Whether bivouacking by a frozen tarn or hiking Cumbria’s moonlit snowy ridges, Macfarlane exhilarates not just by his adventuring, but by his sense of “a felt relationship with the natural world”. Literary, historical and scientific insights give The Wild Places depth, but its fascination comes from the close observation that Macfarlane shares with Barry Lopez, Kathleen Jamie and other pilgrims to the more surprising parts of our natural environment.

28/07/2008

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The Guardian

Judith Rice

This book is lovely in its limpid prose and generous observation, and in the way that, everywhere he goes, he takes with him his literary and historical understanding and peoples the land with the words and lives of those who have been there before.

26/07/2008

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The Sunday Times

Philip Marsden

Prose as precise as this is not just evocative. It is a manifesto in itself. Macfarlane’s language urges us to gaze more closely at the wonders around us, to take notice, to remind ourselves how thrillingly alive a spell in the wild can make us feel. It is a measure of the distance we have strayed from the natural world that The Wild Places should be so poignant, so full of yearning, and so apt. Five hundred years ago, before the acquisitive and cushioning effects of the Enlightenment, such a work would have appeared either incomprehensible or too obvious. We might hope that anyone picking it up in another 500 years will feel just as baffled.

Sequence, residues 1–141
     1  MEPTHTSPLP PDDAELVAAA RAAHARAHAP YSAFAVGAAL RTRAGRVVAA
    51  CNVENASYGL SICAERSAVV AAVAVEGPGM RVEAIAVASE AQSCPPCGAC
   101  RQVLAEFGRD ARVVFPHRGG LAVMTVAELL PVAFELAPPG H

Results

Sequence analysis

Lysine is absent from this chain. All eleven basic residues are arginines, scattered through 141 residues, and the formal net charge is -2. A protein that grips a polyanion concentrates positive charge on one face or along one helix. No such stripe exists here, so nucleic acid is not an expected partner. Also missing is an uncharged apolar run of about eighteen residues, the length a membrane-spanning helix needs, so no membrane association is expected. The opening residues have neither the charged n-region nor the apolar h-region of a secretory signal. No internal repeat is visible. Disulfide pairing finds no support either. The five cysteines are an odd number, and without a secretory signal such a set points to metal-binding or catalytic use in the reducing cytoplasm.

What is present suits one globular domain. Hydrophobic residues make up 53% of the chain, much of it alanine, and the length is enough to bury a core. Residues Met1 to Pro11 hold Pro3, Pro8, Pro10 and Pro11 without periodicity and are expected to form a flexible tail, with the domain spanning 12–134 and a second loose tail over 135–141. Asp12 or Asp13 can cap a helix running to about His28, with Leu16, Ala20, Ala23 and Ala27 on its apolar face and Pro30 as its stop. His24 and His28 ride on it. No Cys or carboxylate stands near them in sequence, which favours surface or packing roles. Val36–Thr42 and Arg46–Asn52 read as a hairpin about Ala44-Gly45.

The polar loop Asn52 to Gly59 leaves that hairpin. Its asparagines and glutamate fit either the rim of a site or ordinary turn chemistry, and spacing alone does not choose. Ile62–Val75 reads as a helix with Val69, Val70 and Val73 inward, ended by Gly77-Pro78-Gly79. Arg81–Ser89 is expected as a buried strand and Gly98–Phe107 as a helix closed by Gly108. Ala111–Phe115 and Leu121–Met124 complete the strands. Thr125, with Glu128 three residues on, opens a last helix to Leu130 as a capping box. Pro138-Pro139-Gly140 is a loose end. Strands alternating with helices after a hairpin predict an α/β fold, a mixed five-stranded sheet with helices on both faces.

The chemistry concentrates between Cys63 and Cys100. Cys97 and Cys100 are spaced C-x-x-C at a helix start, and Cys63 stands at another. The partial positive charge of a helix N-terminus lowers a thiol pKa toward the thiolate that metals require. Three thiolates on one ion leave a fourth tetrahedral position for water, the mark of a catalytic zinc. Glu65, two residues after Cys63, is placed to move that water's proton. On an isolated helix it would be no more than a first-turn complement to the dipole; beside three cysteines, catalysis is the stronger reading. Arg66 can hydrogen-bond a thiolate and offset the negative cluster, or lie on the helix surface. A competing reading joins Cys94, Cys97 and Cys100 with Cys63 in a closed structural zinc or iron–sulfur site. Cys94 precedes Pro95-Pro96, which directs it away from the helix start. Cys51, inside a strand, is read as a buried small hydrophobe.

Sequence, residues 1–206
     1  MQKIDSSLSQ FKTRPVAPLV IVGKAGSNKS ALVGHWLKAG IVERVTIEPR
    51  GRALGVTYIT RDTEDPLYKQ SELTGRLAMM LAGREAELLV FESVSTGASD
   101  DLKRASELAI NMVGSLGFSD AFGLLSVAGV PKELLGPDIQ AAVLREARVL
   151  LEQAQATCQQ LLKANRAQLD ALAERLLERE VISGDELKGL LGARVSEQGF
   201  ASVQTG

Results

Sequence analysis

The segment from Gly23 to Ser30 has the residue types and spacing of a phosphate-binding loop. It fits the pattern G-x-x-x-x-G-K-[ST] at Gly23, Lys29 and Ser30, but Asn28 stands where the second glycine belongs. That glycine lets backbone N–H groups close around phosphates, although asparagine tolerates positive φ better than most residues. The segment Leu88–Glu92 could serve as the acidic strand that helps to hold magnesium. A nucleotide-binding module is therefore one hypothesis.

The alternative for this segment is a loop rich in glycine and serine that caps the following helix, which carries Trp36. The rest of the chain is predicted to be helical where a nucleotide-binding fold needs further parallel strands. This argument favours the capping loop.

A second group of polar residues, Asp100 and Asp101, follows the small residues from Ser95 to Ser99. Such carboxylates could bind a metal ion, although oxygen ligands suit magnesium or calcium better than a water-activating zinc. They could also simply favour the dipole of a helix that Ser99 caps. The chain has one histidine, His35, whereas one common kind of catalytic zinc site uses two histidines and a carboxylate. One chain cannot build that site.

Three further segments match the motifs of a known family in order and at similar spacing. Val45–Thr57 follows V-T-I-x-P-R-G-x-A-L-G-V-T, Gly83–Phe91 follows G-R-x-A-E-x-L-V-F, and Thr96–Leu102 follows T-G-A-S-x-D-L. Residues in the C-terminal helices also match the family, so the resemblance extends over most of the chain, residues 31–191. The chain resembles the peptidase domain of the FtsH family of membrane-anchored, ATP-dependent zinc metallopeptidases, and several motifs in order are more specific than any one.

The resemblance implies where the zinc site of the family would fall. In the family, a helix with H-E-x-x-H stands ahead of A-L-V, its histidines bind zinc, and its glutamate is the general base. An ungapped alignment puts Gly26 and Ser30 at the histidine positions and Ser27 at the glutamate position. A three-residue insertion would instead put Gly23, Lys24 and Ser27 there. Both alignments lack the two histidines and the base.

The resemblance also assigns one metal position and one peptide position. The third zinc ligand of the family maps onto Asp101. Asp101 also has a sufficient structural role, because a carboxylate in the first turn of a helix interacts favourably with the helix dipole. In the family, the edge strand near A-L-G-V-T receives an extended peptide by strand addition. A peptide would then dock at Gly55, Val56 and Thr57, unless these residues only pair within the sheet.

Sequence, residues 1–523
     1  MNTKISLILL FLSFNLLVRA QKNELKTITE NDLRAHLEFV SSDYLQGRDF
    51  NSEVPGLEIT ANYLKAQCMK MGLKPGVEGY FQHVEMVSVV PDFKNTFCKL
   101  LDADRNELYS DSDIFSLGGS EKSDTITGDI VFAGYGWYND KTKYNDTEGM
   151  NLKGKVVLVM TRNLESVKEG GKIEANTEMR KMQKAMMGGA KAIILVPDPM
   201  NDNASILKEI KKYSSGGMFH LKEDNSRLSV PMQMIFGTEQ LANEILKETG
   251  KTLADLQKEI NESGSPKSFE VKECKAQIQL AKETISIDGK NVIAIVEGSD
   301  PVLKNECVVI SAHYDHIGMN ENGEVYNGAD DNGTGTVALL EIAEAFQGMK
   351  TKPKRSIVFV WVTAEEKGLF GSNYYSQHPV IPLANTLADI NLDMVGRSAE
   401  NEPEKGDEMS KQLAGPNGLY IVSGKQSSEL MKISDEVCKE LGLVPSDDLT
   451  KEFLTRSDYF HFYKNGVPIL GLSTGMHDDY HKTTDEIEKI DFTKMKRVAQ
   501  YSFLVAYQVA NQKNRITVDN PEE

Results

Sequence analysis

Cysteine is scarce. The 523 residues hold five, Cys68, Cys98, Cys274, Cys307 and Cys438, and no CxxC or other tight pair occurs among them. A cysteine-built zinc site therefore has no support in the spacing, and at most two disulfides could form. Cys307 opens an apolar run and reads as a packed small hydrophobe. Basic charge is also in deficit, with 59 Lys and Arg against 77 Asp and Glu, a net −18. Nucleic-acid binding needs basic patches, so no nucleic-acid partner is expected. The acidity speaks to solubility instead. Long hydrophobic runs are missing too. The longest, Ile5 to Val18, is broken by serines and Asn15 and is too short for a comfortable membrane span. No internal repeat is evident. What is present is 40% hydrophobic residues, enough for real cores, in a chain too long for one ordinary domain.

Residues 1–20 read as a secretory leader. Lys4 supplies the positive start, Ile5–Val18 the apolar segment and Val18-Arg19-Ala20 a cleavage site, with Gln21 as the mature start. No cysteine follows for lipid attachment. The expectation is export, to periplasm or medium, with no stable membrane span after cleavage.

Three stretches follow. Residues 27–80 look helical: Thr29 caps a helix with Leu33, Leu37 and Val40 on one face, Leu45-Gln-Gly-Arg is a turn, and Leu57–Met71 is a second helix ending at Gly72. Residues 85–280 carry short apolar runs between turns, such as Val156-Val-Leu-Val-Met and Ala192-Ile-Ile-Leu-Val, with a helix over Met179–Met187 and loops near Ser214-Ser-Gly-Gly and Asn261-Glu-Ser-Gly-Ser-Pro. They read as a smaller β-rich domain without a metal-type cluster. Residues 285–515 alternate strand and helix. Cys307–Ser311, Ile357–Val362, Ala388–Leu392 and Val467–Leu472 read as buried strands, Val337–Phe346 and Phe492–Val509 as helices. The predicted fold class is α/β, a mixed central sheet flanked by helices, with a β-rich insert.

26/07/2007

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The Guardian

Andrew Motion

He is a dab hand at coining bright images (in the Burren he sees "dozens of trees standing in their own reflections, like playing-card kings"), his vocabulary is deep and diverse ("sinters", "lenticles", "fletched", "sigil"), and his mood is generally close to rapture. The benefits are intense watchfulness, well-directed cleverness, and a likeable sense of deep engagement with his subject. The disadvantages are a slight monotony of tone, a tendency to over-writing or quaintness (looking "upon" something rather than simply looking "at" it) and - cumulatively - a complicated sense of self-effacement.

25/08/2008

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The Times

Ross Leckie

Like MacFarlane's first book, Mountains of the Mind, this has won prizes and universal praise. But I, for one, hope that MacFarlane's sensibilities and writing will try less hard as he ages. “I appreciated the effort that the moonlight had made to reach me.” His much-lauded prose can be sublime. “Ideas, like waves, have fetches.” But it can be pretentious too. Can the blue of a sky really be “slurless”, for example? It was the description of the gaps between the seats of a car as “grykes” that finished me.

18/07/2008